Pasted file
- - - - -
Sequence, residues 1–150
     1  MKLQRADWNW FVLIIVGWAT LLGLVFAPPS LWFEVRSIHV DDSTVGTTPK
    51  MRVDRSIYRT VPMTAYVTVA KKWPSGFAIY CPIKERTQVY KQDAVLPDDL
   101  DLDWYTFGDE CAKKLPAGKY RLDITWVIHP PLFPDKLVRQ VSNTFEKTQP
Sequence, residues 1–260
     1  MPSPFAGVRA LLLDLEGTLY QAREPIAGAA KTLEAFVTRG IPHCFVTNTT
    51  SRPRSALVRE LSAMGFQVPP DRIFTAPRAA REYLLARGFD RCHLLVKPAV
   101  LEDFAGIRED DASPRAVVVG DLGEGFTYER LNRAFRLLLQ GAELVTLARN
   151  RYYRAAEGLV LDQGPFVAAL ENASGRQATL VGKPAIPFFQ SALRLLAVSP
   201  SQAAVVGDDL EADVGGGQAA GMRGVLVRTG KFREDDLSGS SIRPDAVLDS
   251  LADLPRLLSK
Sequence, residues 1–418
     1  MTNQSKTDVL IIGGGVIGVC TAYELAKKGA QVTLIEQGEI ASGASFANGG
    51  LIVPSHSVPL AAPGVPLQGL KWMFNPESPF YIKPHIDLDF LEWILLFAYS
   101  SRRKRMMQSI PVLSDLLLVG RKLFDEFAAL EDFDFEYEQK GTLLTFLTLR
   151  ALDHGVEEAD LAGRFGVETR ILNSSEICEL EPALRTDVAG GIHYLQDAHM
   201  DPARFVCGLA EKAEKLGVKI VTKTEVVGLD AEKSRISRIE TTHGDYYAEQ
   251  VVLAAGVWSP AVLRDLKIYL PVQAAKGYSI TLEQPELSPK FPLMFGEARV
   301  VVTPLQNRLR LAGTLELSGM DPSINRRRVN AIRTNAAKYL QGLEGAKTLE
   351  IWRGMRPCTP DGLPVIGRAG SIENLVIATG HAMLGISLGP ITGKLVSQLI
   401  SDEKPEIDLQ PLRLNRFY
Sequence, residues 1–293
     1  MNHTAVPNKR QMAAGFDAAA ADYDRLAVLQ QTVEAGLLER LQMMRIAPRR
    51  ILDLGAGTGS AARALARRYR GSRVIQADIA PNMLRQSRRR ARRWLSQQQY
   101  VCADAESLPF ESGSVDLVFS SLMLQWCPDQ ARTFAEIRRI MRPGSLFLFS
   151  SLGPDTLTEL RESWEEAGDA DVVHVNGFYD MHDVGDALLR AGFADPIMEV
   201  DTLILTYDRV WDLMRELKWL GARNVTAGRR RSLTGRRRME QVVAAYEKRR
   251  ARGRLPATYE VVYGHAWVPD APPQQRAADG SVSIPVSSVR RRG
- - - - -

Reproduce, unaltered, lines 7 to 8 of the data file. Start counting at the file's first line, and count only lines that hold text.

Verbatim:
    51  SRPRSALVRE LSAMGFQVPP DRIFTAPRAA REYLLARGFD RCHLLVKPAV
   101  LEDFAGIRED DASPRAVVVG DLGEGFTYER LNRAFRLLLQ GAELVTLARN